Mini Skidder

My Mini Feller started after I made this MOC.  I wanted to do a small little project, and I wanted to do something fun and simple, and I thought the Mini Feller would be a great partner to the Mini Skidder.  The skidder is a simple design, that uses simple construction techniques, unlike the Feller.  Also, you can build your own.  Feel free to check out the instructions here.

I started with the rear grabber.  I added a simple worm gear to 8z connection that moved one of the arms, and connected it to the other arm with a 16z to 16z connection.  The axle that connected to the worm gear would exit out of the top of the grabber and allow for movement with your hand.  I attached it to an arm that would attach to the MOC.  The arm would be connected by two arms on each side of different lengths, so the grabber would move in an arc, and connected to the chassis.  On the chassis I connected the rear arm to a 24z gear, and placed a worm gear above it.

I connected the rear part of the skidder to the front part with the new small turntable.  This allowed for simple gear connection with a 20z gear to the Hand-Of-God steering.  This worked well, and kept the model simple.  Just in front of the steering mechanism, I added another 24z gear for the plow.  Taking a cue from set 8069, I set the worm gear vertically, and connected it to the exhaust stack; simple and pretty.  I then filled in the space.  A simple body was added, as was the plow, and wheels, though not in the cleanest of ways.

It was fun little design with simple solutions for the functions.  It’s not as complicated or compromised as my Feller, but still a playable MOC.  Also, its easier to build should you feel the need.

The full gallery may be found here.

Thanks for reading.

Mini Feller

Building with Lego is a continuous formation of compromise.  While my ideal of what my Mini Feller would include was significant, what I could actually accomplish was a compromise of space, function, realism, and frankly the amount of frustration I was willing to tolerate.  So while the final result is a watered down version of what I would have liked, it was the result of me compromising amidst the situation.

Instructions can be found here.

I wanted to make a small model go with my Mini Skidder.  The MOC had to be the same scale, have a decent level of fuctions, and work with my Skidder.  A feller seemed like a good option.  As I looked at what function this MOC would have, I ambitiously stated it must have a working blade, working steering, working grapper, and a working tilt function.  All these functions would be controllable on the back or on top of the cab.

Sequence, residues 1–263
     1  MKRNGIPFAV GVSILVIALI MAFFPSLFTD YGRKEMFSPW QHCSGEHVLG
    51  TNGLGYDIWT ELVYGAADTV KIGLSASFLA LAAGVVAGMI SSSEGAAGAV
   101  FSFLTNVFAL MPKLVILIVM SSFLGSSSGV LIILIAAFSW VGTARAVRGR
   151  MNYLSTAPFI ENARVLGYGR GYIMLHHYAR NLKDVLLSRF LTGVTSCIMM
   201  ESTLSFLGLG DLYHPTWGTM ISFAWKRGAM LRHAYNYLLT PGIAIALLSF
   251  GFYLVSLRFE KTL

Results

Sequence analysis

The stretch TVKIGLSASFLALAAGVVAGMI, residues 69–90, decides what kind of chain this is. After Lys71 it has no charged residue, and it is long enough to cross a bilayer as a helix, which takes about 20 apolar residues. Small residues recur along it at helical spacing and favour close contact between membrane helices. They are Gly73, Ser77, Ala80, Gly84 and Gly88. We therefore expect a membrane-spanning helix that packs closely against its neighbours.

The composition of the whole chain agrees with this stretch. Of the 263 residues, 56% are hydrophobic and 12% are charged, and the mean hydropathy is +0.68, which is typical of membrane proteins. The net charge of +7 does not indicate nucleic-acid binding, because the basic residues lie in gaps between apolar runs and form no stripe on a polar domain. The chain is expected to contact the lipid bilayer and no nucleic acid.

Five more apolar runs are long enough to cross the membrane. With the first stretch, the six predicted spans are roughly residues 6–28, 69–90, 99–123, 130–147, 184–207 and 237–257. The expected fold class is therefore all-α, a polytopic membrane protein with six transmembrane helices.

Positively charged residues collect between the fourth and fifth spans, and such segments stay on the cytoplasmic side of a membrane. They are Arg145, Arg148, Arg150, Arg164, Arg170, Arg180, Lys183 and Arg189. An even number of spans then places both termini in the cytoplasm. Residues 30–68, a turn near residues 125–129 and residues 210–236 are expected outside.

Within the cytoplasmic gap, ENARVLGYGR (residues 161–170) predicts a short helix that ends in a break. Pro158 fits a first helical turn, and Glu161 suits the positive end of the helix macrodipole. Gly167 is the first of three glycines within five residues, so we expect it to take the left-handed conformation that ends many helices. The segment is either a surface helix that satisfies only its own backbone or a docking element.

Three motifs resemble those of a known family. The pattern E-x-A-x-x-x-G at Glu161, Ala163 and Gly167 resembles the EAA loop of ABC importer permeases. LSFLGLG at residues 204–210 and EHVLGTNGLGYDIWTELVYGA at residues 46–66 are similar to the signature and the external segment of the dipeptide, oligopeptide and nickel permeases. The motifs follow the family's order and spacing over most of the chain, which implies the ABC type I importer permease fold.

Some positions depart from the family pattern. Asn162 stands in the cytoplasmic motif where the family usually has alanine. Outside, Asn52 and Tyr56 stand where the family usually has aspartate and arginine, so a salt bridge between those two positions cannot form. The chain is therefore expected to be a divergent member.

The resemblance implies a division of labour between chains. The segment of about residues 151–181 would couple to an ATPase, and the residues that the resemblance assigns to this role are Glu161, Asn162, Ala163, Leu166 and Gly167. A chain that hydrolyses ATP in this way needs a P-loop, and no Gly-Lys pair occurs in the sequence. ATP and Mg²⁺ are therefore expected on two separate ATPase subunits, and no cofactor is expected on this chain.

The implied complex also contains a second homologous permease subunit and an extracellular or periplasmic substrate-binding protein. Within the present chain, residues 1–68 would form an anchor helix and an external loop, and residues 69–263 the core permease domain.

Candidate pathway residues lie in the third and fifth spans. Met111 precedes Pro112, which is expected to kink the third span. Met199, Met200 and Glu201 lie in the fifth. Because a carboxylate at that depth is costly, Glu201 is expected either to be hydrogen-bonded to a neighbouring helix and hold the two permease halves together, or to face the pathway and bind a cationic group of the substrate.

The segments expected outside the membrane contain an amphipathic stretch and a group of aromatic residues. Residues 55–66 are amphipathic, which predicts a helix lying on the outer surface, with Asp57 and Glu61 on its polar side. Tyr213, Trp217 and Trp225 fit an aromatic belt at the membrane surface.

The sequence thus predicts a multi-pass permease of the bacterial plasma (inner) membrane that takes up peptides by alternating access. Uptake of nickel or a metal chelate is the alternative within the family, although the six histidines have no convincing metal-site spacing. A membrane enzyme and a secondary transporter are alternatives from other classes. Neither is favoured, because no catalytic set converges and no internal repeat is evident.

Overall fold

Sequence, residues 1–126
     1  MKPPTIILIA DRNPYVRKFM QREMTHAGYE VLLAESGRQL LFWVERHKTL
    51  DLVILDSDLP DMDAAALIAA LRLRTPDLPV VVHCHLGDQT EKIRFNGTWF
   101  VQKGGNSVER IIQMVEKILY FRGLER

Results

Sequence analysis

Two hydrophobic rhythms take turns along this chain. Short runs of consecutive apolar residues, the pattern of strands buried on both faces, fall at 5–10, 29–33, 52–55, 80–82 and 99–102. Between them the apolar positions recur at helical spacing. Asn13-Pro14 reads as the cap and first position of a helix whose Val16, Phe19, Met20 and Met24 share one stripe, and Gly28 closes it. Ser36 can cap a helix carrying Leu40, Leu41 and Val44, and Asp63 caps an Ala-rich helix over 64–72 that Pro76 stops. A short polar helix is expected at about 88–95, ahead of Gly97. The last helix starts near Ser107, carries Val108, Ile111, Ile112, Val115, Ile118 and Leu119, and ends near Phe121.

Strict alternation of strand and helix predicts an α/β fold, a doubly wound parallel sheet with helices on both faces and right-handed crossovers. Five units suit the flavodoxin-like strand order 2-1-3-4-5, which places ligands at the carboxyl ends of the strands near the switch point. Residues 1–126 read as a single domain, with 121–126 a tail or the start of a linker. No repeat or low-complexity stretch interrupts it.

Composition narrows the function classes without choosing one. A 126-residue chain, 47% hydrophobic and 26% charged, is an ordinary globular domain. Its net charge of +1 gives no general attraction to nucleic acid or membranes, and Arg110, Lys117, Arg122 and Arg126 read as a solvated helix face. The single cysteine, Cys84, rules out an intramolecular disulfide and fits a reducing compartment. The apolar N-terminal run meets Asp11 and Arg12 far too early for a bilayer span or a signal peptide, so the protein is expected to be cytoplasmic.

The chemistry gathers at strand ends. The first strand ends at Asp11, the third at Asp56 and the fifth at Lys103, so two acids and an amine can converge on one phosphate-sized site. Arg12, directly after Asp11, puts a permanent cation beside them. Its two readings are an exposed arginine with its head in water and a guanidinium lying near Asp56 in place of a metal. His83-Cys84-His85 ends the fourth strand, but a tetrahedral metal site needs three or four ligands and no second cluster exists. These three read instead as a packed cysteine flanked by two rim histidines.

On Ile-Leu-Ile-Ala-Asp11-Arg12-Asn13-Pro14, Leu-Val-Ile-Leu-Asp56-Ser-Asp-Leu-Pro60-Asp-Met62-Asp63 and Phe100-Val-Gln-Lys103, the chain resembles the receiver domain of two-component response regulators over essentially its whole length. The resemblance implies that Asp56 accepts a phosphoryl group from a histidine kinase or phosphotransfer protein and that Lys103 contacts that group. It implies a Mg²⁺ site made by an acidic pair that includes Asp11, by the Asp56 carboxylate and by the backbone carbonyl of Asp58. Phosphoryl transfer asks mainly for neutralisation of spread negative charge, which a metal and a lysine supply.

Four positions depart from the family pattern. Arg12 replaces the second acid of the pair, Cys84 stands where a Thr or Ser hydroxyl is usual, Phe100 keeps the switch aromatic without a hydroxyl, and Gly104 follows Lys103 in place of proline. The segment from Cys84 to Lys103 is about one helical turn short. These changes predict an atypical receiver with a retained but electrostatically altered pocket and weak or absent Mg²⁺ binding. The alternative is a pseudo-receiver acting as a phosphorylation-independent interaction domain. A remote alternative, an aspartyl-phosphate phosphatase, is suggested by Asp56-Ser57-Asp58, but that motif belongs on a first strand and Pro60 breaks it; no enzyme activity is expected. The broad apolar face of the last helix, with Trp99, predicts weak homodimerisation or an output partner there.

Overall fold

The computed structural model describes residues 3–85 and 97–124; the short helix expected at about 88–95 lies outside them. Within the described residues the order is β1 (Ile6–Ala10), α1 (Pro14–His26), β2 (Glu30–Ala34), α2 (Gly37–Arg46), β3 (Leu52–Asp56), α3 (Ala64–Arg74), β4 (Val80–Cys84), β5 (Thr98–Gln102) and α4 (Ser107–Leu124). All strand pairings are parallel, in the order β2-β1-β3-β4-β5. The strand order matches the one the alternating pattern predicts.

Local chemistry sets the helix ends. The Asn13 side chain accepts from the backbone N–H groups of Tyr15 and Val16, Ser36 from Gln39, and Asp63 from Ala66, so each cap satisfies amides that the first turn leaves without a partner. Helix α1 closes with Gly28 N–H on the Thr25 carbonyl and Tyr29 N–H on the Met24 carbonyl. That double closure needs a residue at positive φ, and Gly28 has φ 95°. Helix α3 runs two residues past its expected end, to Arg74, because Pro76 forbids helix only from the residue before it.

The steering was simple enough.  I added a small turntable at the bottom of the chassis to give the frame some support.  The HOG steering axle would come out at the top of the cab, and join the front and the rear with a small link arm.  Simple enough.  Likewise, I added a differential in the rear part of the chassis, geared up the rotation, sent it though a couple of universal joints to the front of the Feller, connected it through a pair of 12z bevel gears, and attached a saw blade.  Again, simple enough I had steering and a working blade.

It got complicated as I tried to add the arm features.  The lifting of the arm would be done with a 8z gear with a worm gear.  Because there was a driveshaft to the front blade, the 8z gear needed to be placed on the axis of the arm, but out of the way of the driveshaft.  The required a 1 stud offset that also needed to be directed back through the steering axis to the rear of the Feller.  I used a CV joint to allow the axle to slip as the feller would steer.

The tilt feature would require a parallel control that would allow the elevation happen while keeping the feller blade parallel to the ground.  This would require another 8z worm gear connection at the lower rear pivot point of the arms.  I was running out of space.  Of the 7 studs to work with, one was used for the universal joint, one was used for the lifting gear, one for the mounting liftarm, and one for the lifting arm.  I could not add another worm gear system, while being able to actually lift the feller blade.  Additionally, adding a link for the gathering arms would also have to work through this pivot point if I wanted to isolate the movement from the lifting and tilting feature.  I had to give.  A compromise was necessary.  I felt the stability of the feller blade had to be paramount, so I added another support arm.  I also felt gathering arms must remain as they are essential to a feller.  Sorry, but the tilt feature got the ax.  It was the correct decision, but it still tasted a little sour.

It was a great little MOC, and I had a good time creating it.  I hope you enjoy building your own.  The full gallery can be viewed here and the instructions can be viewed here.

Thanks for reading.

Flat 6


Every once and a while I get picked up by another LEGO blog. I am honored when it happens as it show others value my work. However, it seems to happen when I lease expect it, and in creations I find fun, rather than significant.  Thank you none the less.

Thanks to the Lego Car Blog for posting my Dune Buggy and my Zil 132, and The Brothers Brick for Posting my Rumble Bee.  Spreading thirdwigg is deeply appreciated.

Originally posted on The Lego Car Blog:

Technic Dune Buggy

Porsche Powered Dune Buggy

This monster dune buggy was unearthed by the Elves on MOCpages. K Wigboldy has included steering, all round independent suspension and, best of all, a huge six cylinder engine hanging out the back.

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